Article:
LatinaLista — Critics of the death penalty have ample ammunition to prove their case when using Texas as an example. The state has become almost as widely known for its exonerations as its executions.
One case that is drawing renewed interest is the execution of Carlos DeLuna from Corpus Christi, Texas. DeLuna was arrested in 1983, tried and executed for murdering a single mother named Wanda Lopez. Yet, DeLuna always maintained his innocence and pled people to believe that his was a case of mistaken identity. The real murderer was a guy with a violent record, who happened to resemble (people say) DeLuna, named Carlos Hernandez.
The Texas judicial system didn't buy it and executed DeLuna in 1989.
Now, 23 years after his death, Columbia Law School Professor James Liebman and his students have wrapped up their 18-month study of the DeLuna case. They've compiled police photos, court files, taped witness interviews and 911 recordings and have documented their findings in a comprehensive report for the Columbia Human Rights Law Review (HRLR).
But the story doesn't stop here.
The editors of the HRLR were so impressed with the depth of information that the professor and his students compiled, their conclusion and its impact on policy that they broke with standard practice and devoted the entire issue (Issue 3 of Volume 43) to the DeLuna report.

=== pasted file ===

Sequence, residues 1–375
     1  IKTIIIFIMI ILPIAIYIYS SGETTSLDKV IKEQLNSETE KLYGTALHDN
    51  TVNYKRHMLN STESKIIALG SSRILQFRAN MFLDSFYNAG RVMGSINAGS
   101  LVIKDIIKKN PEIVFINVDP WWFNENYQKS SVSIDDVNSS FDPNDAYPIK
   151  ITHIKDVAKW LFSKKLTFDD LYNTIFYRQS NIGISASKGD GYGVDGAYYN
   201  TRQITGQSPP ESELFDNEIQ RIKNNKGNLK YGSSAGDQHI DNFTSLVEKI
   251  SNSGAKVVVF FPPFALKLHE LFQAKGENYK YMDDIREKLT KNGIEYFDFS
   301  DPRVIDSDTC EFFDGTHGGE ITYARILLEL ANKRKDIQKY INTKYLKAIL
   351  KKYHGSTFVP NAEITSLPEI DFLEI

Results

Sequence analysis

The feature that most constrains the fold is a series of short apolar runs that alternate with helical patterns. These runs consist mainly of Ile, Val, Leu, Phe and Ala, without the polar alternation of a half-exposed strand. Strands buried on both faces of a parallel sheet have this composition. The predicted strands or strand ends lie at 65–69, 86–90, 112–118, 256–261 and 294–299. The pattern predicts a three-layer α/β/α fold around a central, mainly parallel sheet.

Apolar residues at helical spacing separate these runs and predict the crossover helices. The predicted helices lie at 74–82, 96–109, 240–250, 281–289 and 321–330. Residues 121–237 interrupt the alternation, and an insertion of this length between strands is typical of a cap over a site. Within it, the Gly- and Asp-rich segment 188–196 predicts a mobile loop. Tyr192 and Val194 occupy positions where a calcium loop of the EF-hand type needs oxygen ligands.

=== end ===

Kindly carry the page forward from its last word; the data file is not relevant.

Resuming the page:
And that still isn't all.
The full report, complete with video interviews, crime-scene photos, court records, an interactive map and audio recordings, is online and can be found at Los Tacayos Carlos.
On the site, the professor and his students pose a basic question to visitors: Did Texas execute an innocent man?
Reminiscent of those "48 Hours" and "Dateline" programs where viewers are walked through the crime scene, introduced to the players, hear the verdict and see the final outcome, visitors to the site can play arm-chair detective and review the complete trove of evidence gathered by Liebman and his students — and arrive at their own conclusion.
The hope of the report's authors, as well as the editors, is that people will see that not only is human life fragile but the justice system that can determine anyone's fate.
Los Tocayos Carlos poignantly reveals how easily our legal system can fail to produce just outcomes even without the deliberate interference of individuals acting in bad faith and how the consequences of such failures can be irrevocable and, at times, fatal…At a minimum, we hope that this breathtaking story will be an adequate answer to those who question whether it is possible that an innocent man has ever been executed for a crime he did not commit in the United States. — 2011–2012 Editorial Board, Columbia Human Rights Law Review